Salonica, City of Ghosts
Despite being modern Greece’s second largest city after Athens, the northern port city of Salonica, or Thessalonike, has been the subject of surprisingly few book-length studies. Aside from tourist guides and travelogues, most recent works discussing Salonica have been personal memoirs, such as Leon Sciaky’s Farewell to Salonica: City at the Crossroads (2003) or Erika Kounio-Amariglio’s From Thessaloniki to Auschwitz and Back, 1926-1996 (2000), highly focused studies of specific moments in the city’s history, or works restricted to a single aspect of the city’s past, such as Steven Bowman and Isaac Benmayor’s collection of eyewitness accounts, The Holocaust in Salonika (2002). As a result, Mark Mazower’s Salonica, City of Ghosts fills an important gap by tracing the development of the city in the broadest possible way, from the Renaissance through the twentieth century. This book is likely to stand for some time as the definitive history of Salonica, particularly for its sensitive examination of the area’s diverse religious traditions. The result is a vivid portrait of Salonica’s fascinating and, at times, tragic history.
Mazower approaches his subject with an historian’s eye but also with a poet’s spirit. Interspersed among all the data drawn from Salonica’s written records are a number of memorable personal notes. These include a letter to the editor of a newspaper written by an English serviceman in World War II that touched off a debate about the correct pronunciation of the city’s name, lyrics from the music of the Greek underworld and hashish dens known as rembetika, and lines by forgotten poets responding to the way in which their city was changing because of war or destruction. While historians thus find all the names, dates, and major events that they could possibly wish in Salonica, City of Ghosts, its greatest contribution may derive from author’s ability to evoke this city’s unique spirit of place. Glimpses into daily life provide insight into what it must have been like to live, work, worship, struggle, and argue in such a cosmopolitan community. Mazower introduces his work with only the briefest survey of Salonica during the nearly two millennia that it served as a crossroads of the Hellenistic, Roman, and Byzantine worlds. His primary goal is to bring the reader quickly to the beginning of the Renaissance, providing the backdrop for what will be five of the city’s most complex centuries.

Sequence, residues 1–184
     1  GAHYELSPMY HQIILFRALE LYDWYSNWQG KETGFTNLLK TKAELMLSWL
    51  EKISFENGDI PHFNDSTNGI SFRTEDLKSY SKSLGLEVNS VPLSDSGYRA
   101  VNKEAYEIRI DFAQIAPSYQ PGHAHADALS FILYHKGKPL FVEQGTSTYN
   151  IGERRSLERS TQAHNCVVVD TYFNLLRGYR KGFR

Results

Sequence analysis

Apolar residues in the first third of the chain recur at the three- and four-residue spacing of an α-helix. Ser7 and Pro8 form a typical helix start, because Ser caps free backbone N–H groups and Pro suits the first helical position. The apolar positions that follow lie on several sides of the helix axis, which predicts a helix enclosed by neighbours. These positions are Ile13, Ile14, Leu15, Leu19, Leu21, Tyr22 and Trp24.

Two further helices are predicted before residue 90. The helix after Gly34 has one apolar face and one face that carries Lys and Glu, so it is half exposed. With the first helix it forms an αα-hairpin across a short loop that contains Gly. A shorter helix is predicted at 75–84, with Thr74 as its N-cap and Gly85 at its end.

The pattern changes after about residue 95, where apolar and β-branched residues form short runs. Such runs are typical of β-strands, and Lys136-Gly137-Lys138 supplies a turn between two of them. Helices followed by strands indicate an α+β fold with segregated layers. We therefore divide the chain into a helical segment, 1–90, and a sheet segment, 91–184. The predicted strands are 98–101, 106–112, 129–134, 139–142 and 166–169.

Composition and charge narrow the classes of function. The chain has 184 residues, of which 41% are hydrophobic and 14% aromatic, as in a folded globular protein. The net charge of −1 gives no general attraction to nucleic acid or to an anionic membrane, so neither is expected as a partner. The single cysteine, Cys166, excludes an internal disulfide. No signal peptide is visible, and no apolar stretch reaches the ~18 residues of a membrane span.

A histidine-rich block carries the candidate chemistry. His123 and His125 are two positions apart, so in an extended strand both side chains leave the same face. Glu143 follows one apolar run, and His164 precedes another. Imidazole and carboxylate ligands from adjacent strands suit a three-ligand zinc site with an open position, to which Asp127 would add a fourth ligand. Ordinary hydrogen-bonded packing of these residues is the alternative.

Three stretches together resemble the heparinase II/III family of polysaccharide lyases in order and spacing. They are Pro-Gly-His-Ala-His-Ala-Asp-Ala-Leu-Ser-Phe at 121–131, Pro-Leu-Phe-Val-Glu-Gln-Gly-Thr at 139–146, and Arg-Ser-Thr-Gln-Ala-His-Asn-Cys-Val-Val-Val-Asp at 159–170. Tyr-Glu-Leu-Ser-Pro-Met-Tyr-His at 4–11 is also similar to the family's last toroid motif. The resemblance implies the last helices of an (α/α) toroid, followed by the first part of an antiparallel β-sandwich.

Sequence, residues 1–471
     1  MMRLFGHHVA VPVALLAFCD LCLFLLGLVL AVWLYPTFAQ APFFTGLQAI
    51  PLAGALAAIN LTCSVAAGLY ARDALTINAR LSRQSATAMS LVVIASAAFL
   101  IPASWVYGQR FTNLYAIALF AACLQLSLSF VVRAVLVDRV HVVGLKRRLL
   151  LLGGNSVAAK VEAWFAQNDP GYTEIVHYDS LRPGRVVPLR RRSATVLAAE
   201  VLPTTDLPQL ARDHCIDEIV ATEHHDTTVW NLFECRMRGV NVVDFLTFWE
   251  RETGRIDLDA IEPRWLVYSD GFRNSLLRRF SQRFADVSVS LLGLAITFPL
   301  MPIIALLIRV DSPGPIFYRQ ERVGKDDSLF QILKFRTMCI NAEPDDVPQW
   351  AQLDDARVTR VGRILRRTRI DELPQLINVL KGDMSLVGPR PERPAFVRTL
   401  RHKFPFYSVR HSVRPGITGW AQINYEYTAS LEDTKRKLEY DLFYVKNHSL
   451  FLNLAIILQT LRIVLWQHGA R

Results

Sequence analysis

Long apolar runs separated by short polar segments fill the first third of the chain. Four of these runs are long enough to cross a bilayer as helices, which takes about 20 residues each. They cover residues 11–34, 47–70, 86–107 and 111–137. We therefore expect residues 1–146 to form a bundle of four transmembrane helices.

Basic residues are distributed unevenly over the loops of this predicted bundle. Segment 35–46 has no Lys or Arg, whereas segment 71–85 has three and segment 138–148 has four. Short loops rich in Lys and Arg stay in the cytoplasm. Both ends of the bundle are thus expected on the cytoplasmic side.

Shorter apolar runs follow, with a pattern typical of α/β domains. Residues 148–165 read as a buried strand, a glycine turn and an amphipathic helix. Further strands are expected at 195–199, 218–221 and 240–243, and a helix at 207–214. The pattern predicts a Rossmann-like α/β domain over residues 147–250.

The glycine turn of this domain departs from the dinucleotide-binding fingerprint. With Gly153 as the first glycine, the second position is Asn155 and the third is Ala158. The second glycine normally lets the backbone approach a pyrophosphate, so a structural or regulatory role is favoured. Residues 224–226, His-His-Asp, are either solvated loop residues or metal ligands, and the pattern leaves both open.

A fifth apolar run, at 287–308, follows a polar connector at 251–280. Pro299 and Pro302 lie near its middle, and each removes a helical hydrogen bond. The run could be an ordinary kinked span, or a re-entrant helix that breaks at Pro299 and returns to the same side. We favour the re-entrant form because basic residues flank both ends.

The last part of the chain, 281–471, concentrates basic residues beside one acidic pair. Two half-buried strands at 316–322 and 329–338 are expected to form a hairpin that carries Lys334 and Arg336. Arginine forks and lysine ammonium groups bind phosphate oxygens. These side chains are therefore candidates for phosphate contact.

A constant theme of Salonica, City of Ghosts is to provide an antidote to attempts begun in the early twentieth century by residents and the Greek government to present this city as essentiallyand almost purelyGreek, Christian, and Byzantine in spirit. Throughout most of the city’s history, it was far more multicultural in nature than its Greek inhabitants readily admit. Even today, there are abundant traces of the city’s Turkish and Jewish heritage lurking around corners or behind facades.
Salonica’s fall to the Ottomans in 1430 began a period of occupation that, unlike subsequent conquests, proved to be relatively tolerant of different cultures, even by modern standards. Although the city’s Christian inhabitants were horrified to see a number of their most cherished churches rededicated as mosques, the Ottomans also opened the community to the cultural richness that would characterize its later development. For instance, they welcomed the Sephardic Jews who had been expelled from Spain by the edict of Ferdinand and Isabella in 1492. Within a very short time, Jewish residents actually made up the largest ethnic community living in Salonica, beginning a chapter in the city’s history that would have tragic consequences during World War II.
As Mazower points out, however, it would be a mistake to romanticize the harmony in which Jews, Muslims, and Christians lived together in Salonica throughout the sixteenth and seventeenth centuries. Although there was a great deal of mutual (and, at times, unconscious) cultural influence, there were also inevitable tensions, hostilities, and persecutions. Many Christians were sold into slavery. Other Christians as well as Jews led a meager existence, barely scraping by. Nevertheless, the city’s important geographic location, just south of the Balkan range on a pathway that connected western Europe with Istanbul, meant that local citizens were...
(The entire section is 1810 words.)